Measuring kinematic variables in front crawl swimming using accelerometers: A validation study

Authors: Callaway, A.J.

Journal: Sensors (Switzerland)

Volume: 15

Issue: 5

Pages: 11363-11386

ISSN: 1424-8220

DOI: 10.3390/s150511363

Abstract:

Objective data on swimming performance is needed to meet the demands of the swimming coach and athlete. The purpose of this study is to use a multiple inertial measurement units to calculate Lap Time, Velocity, Stroke Count, Stroke Duration, Stroke Rate and Phases of the Stroke (Entry, Pull, Push, Recovery) in front crawl swimming. Using multiple units on the body, an algorithm was developed to calculate the phases of the stroke based on the relative position of the body roll. Twelve swimmers, equipped with these devices on the body, performed fatiguing trials. The calculated factors were compared to the same data derived to video data showing strong positive results for all factors. Four swimmers required individual adaptation to the stroke phase calculation method. The developed algorithm was developed using a search window relative to the body roll (peak/trough). This customization requirement demonstrates that single based devices will not be able to determine these phases of the stroke with sufficient accuracy.

http://eprints.bournemouth.ac.uk/21958/

Source: Scopus

Measuring kinematic variables in front crawl swimming using accelerometers: a validation study.

Authors: Callaway, A.J.

Journal: Sensors (Basel)

Volume: 15

Issue: 5

Pages: 11363-11386

eISSN: 1424-8220

DOI: 10.3390/s150511363

Abstract:

Objective data on swimming performance is needed to meet the demands of the swimming coach and athlete. The purpose of this study is to use a multiple inertial measurement units to calculate Lap Time, Velocity, Stroke Count, Stroke Duration, Stroke Rate and Phases of the Stroke (Entry, Pull, Push, Recovery) in front crawl swimming. Using multiple units on the body, an algorithm was developed to calculate the phases of the stroke based on the relative position of the body roll. Twelve swimmers, equipped with these devices on the body, performed fatiguing trials. The calculated factors were compared to the same data derived to video data showing strong positive results for all factors. Four swimmers required individual adaptation to the stroke phase calculation method. The developed algorithm was developed using a search window relative to the body roll (peak/trough). This customization requirement demonstrates that single based devices will not be able to determine these phases of the stroke with sufficient accuracy.

http://eprints.bournemouth.ac.uk/21958/

Source: PubMed

Measuring Kinematic Variables in Front Crawl Swimming Using Accelerometers: A Validation Study

Authors: Callaway, A.J.

Journal: SENSORS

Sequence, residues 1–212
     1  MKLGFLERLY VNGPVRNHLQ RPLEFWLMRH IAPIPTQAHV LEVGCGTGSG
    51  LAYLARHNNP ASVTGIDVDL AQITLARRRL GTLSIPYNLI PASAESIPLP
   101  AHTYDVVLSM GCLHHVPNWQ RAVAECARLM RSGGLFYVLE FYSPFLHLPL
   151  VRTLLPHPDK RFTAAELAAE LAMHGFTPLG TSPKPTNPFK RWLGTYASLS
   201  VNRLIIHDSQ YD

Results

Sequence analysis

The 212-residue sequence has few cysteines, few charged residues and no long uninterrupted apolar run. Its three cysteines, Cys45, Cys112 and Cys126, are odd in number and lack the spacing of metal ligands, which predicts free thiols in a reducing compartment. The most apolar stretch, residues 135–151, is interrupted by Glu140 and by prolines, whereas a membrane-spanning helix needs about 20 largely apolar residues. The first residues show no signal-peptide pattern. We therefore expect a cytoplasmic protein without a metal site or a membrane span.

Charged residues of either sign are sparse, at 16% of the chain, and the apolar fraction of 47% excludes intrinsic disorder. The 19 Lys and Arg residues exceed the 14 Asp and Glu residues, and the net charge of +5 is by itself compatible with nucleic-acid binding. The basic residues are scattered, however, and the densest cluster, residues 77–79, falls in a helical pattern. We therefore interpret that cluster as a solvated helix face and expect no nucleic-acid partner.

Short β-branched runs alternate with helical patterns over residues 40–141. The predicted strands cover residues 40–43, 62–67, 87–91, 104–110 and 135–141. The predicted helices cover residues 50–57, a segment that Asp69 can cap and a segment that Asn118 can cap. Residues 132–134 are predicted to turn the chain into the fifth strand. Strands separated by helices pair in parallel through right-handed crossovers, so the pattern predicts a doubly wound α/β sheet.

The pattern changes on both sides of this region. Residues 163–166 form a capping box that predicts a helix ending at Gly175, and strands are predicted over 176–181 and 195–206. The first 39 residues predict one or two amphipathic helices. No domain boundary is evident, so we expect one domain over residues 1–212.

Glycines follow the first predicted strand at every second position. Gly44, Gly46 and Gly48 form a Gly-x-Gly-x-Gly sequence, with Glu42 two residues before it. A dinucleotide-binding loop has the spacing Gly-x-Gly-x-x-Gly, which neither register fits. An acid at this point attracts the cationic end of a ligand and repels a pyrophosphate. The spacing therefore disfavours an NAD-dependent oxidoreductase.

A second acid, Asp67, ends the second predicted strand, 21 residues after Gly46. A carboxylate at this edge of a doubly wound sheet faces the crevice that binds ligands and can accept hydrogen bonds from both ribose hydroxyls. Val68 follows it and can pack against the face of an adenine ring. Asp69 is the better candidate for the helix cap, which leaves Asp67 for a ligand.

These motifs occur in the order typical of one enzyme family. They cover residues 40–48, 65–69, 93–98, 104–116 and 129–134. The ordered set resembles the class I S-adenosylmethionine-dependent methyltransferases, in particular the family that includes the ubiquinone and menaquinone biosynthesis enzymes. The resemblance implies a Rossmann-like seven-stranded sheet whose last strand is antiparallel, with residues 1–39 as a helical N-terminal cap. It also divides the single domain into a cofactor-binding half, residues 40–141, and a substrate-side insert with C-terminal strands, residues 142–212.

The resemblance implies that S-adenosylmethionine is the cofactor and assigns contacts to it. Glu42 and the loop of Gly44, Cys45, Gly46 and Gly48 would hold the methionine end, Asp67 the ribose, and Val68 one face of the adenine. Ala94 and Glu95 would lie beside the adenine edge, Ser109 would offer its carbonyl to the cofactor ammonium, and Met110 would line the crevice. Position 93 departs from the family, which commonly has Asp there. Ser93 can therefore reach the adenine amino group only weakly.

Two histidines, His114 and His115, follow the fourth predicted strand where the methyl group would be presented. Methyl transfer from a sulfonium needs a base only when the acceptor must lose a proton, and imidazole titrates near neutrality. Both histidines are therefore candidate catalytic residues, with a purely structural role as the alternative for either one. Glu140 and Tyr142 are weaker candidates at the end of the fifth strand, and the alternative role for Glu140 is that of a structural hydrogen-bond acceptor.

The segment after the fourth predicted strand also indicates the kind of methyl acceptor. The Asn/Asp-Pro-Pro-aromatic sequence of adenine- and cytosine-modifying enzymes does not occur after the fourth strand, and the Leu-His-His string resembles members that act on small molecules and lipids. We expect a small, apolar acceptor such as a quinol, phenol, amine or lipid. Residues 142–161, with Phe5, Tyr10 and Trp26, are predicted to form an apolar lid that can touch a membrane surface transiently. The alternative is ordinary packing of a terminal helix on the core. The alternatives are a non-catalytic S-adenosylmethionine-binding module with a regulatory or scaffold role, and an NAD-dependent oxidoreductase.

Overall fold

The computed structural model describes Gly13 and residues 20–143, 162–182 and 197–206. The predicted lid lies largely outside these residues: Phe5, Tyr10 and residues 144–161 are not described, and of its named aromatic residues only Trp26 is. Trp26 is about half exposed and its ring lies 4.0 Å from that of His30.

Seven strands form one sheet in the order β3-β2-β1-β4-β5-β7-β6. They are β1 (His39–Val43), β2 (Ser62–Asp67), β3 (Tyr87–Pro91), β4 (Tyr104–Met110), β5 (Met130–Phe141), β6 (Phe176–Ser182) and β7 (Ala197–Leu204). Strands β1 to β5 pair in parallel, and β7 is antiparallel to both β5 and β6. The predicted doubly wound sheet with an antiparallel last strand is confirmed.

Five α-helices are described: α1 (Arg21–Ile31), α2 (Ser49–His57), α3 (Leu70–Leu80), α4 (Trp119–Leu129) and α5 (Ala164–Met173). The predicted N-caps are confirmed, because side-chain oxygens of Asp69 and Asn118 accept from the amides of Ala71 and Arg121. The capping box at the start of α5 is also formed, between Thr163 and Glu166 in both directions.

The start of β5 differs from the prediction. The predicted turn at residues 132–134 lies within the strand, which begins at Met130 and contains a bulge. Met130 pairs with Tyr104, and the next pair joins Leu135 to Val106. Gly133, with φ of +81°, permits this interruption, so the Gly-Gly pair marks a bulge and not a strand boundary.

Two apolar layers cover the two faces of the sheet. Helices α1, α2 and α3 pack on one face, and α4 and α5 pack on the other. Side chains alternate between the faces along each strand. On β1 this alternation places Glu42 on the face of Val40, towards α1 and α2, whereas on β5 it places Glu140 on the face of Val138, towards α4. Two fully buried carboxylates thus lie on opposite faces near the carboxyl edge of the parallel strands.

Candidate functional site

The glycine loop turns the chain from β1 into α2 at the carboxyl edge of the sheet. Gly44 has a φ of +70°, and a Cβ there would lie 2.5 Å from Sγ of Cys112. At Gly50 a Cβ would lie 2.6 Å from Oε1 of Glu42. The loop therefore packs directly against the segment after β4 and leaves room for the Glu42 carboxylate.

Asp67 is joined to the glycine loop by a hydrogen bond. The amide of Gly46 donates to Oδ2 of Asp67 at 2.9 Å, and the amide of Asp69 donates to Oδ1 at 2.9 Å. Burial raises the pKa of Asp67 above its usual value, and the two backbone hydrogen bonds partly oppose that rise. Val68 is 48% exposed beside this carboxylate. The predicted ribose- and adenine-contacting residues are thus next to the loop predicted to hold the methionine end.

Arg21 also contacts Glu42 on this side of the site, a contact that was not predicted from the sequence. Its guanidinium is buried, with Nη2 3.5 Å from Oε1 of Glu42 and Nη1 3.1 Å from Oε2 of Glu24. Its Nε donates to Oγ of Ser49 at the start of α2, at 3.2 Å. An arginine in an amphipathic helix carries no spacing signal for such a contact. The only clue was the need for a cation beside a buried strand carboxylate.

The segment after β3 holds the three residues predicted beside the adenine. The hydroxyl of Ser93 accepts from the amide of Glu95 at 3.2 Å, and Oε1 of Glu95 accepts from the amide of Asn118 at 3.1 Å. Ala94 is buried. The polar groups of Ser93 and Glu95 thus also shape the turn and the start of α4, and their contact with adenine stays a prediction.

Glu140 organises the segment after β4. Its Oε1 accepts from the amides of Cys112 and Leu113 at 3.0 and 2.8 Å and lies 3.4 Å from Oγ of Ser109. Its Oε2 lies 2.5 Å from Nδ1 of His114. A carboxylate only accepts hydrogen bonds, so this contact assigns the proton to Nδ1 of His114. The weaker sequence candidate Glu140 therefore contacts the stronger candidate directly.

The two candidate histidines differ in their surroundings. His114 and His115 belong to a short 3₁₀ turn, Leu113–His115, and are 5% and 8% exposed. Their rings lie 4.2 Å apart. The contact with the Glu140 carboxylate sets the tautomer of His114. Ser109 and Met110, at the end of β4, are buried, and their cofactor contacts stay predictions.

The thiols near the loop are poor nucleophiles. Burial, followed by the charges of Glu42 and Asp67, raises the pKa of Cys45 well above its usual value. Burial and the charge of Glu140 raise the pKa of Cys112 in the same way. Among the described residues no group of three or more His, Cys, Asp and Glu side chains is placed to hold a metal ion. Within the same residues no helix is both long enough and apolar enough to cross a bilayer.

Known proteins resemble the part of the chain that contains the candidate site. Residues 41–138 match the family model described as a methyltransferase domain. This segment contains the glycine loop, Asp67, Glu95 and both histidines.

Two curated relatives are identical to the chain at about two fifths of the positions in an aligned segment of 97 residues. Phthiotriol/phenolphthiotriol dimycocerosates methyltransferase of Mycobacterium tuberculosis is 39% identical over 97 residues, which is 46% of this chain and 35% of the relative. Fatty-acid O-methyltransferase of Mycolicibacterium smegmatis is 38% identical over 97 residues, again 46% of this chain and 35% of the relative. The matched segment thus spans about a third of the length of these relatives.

Volume: 15

Issue: 5

Pages: 11363-11386

ISSN: 1424-8220

DOI: 10.3390/s150511363

http://eprints.bournemouth.ac.uk/21958/

Source: Web of Science (Lite)

Measuring Kinematic Variables in Front Crawl Swimming Using Accelerometers: A Validation Study

Authors: Callaway, A.

Editors: Passaro, V.M.N.

Journal: Sensors

Volume: 15

Issue: 5

Pages: 11363-11386

DOI: 10.3390/s150511363

http://eprints.bournemouth.ac.uk/21958/

http://www.mdpi.com/1424-8220/15/5/11363

Source: Manual

Preferred by: Andrew Callaway

Measuring kinematic variables in front crawl swimming using accelerometers: a validation study.

Authors: Callaway, A.J.

Journal: Sensors (Basel, Switzerland)

Volume: 15

Issue: 5

Pages: 11363-11386

eISSN: 1424-8220

ISSN: 1424-8220

DOI: 10.3390/s150511363

Abstract:

Objective data on swimming performance is needed to meet the demands of the swimming coach and athlete. The purpose of this study is to use a multiple inertial measurement units to calculate Lap Time, Velocity, Stroke Count, Stroke Duration, Stroke Rate and Phases of the Stroke (Entry, Pull, Push, Recovery) in front crawl swimming. Using multiple units on the body, an algorithm was developed to calculate the phases of the stroke based on the relative position of the body roll. Twelve swimmers, equipped with these devices on the body, performed fatiguing trials. The calculated factors were compared to the same data derived to video data showing strong positive results for all factors. Four swimmers required individual adaptation to the stroke phase calculation method. The developed algorithm was developed using a search window relative to the body roll (peak/trough). This customization requirement demonstrates that single based devices will not be able to determine these phases of the stroke with sufficient accuracy.

http://eprints.bournemouth.ac.uk/21958/

Source: Europe PubMed Central